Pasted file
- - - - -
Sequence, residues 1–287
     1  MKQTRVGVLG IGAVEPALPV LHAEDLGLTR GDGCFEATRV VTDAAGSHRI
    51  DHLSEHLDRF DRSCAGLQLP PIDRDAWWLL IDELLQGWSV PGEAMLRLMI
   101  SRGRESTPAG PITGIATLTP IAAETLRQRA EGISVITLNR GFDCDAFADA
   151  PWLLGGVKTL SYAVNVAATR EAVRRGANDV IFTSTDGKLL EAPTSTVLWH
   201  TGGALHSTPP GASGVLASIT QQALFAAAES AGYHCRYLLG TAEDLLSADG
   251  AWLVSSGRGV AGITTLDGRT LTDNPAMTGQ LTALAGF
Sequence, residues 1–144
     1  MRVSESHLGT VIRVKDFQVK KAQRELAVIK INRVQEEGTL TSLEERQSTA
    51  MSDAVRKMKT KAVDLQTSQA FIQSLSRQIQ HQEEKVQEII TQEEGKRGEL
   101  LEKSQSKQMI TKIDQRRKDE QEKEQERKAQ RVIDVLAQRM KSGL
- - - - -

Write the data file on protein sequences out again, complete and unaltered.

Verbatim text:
Sequence, residues 1–287
     1  MKQTRVGVLG IGAVEPALPV LHAEDLGLTR GDGCFEATRV VTDAAGSHRI
    51  DHLSEHLDRF DRSCAGLQLP PIDRDAWWLL IDELLQGWSV PGEAMLRLMI
   101  SRGRESTPAG PITGIATLTP IAAETLRQRA EGISVITLNR GFDCDAFADA
   151  PWLLGGVKTL SYAVNVAATR EAVRRGANDV IFTSTDGKLL EAPTSTVLWH
   201  TGGALHSTPP GASGVLASIT QQALFAAAES AGYHCRYLLG TAEDLLSADG
   251  AWLVSSGRGV AGITTLDGRT LTDNPAMTGQ LTALAGF
Sequence, residues 1–144
     1  MRVSESHLGT VIRVKDFQVK KAQRELAVIK INRVQEEGTL TSLEERQSTA
    51  MSDAVRKMKT KAVDLQTSQA FIQSLSRQIQ HQEEKVQEII TQEEGKRGEL
   101  LEKSQSKQMI TKIDQRRKDE QEKEQERKAQ RVIDVLAQRM KSGL